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MADreads for Teens

Book reviews for teens by library staff and guest contributors

How to budget for lamb and strychnine

Cover of Etiquette & Espionage
A review of Etiquette & Espionage by Gail Carriger

It's been a while since I've read such a delightful novel. And not only is this one great and good, I'm thrilled that there are several more books in this young adult series that I can read next. Etiquette & Espionage by Gail Carriger is set in the same world as her adult Parasol Protectorate series (a combination steam punk/romance/paranormal series that is also super-fun). This YA entry takes place a number of years earlier and introduces Sophronia Angelina Temminnick.

Aug 21, 2019

My best book of the year

Cover of Stay Sexy & Don't Get Murd
A review of Stay Sexy & Don't Get Murdered: The Definitive How-To Guide by Karen Kilgariff and Georgia Hardstark

I can't imagine any book topping this one for me in 2019. The snappy and shocking title is one of the reasons I love it so much. It's funny, smart, and helpful in a cuddly way, despite the whopper of a title. The authors Karen Kilgariff and Georgia Hardstark are the true crime comedy podcast stars of My Favorite Murder and their podcast provides background for the book. True crime is what brought Karen and Georgia together and how and why they have a fabulous book deal.

Jul 31, 2019

Old favorite, rediscovered

Cover of Troubled Waters
A review of Troubled Waters by Sharon Shinn

I used to love to wander through a bookstore and feed my reading need (this on top of checking many stacks of books out of the library). But at some point I stopped buying all those print copies, partially for space reasons, partially because of the changing bookstore landscape and partially because I was reading more and more digitally. So what's my version of strolling through the bookstore aisles? Late in the evening I look for ebook deals online to see if there's anything that catches my fancy (this on top of the library books I check out electronically and read on Libby!).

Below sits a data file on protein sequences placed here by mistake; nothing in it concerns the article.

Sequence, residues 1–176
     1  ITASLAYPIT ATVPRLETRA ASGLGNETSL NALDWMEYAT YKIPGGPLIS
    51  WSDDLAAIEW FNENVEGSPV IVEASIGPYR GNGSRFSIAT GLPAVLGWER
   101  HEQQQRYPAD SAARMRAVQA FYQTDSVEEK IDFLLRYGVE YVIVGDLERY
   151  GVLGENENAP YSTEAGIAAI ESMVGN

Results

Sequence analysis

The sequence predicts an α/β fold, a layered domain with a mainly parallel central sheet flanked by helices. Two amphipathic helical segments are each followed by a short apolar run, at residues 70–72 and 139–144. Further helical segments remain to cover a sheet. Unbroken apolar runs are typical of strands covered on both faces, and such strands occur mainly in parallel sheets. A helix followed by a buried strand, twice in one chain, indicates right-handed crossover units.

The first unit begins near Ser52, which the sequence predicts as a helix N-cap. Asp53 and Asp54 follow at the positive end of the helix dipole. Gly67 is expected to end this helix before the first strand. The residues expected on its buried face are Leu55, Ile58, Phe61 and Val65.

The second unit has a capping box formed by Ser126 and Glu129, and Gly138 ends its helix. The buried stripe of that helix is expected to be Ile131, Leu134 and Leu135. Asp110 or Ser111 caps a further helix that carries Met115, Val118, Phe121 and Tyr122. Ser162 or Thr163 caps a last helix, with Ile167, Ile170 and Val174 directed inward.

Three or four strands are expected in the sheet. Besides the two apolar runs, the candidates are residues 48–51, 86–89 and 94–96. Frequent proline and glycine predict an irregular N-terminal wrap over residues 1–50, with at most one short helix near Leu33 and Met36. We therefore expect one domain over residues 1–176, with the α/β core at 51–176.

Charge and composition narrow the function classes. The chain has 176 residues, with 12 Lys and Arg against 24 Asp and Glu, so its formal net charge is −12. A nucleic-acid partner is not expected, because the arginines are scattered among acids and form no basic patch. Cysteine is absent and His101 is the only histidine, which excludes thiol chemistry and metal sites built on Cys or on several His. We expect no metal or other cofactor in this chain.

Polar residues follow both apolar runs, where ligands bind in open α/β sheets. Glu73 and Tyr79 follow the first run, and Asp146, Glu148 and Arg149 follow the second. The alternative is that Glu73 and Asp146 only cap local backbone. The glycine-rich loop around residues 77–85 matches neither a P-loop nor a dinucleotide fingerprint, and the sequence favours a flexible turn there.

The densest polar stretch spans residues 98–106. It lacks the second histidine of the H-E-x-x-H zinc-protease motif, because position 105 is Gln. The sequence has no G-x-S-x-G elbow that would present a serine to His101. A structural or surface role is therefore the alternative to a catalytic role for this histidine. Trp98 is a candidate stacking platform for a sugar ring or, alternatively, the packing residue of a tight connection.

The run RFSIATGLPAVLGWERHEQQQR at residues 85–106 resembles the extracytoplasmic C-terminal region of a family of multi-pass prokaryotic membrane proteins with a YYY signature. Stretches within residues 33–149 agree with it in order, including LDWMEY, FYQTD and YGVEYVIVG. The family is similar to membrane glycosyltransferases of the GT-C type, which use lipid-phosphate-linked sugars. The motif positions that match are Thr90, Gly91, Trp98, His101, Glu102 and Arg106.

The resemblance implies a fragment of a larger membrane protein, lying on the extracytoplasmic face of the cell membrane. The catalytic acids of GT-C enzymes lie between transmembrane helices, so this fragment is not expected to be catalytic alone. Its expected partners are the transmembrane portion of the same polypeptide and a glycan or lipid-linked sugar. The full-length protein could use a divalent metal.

Jul 8, 2019

I'm just so curious

Cover of The Rook
A review of The Rook by David O'Malley

A week or so ago I saw a trailer for a new tv show and as it flashed across the screen in quick shots (as trailers do) it seemed so familiar and I thought, is it? Could it be? Yes it was. Starz has a new show starting at the end of June about one of my favorite fantasy novels, The Rook. I read the book a while ago but I'm re-upping my review to tie it in in with the show to come.

Jun 13, 2019

I take this hot dog to be my..

Cover of Food: A Love Story
A review of Food: A Love Story by Jim Gaffigan

Oh, this is Humor. With a capital "H." Jim Gaffigan is clearly not getting married to a hot dog, as he already has a wife and five small children, and he's not that kind of weirdo, but he really does love the cured meats. Like, loves loves loves the cured meats. Hot dogs. Bologna. Bacon. All sausages, especially bratwurst. I did not think I could laugh more than I did while reading Dad is Fat, Gaffigan's take on parenting all those small children in New York City with a two bedroom, fifth floor walk-up, and here I am, laughing away as I think about Food: A Love Story.

Jun 10, 2019

Stories we tell

Cover of The Rest of the Story
A review of The Rest of the Story by Sarah Dessen

There was a time when I discovered Sarah Dessen and did a deep dive into her young adult novels. And once I'd caught up on her backlist I'd read each new one when it came out. But then I stopped doing an auto-read of her books. Can't really tell you why, though I'm guessing there were just too many other things on my TBR radar (a constant challenge in my life), but there it is. What's funny is I can't tell you why I decided to try her newest and why, when I decided to do so, I was kind of nervous. Would it be as enjoyable as the earlier ones were? Had I grown out of my love for her books?

Jun 6, 2019

Eye of the beholder

Cover of Little Dancer Aged Fourtee
A review of Little Dancer Aged Fourteen: The True Story Behind Degas's Masterpiece by Camille Laurens

What is art? What attracts or repulses the viewer? The colors, setting, images, tactile feel of textiles/sculpture? Does knowledge of the artist or the subject influence the viewer? All these questions and more are addressed in this surprisingly slim and amazing new book by the French novelist Camille Laurens detailing her fascination of one artist, Edgar Degas, and one work, his now iconic sculpture of a young dancer. 

Jun 5, 2019

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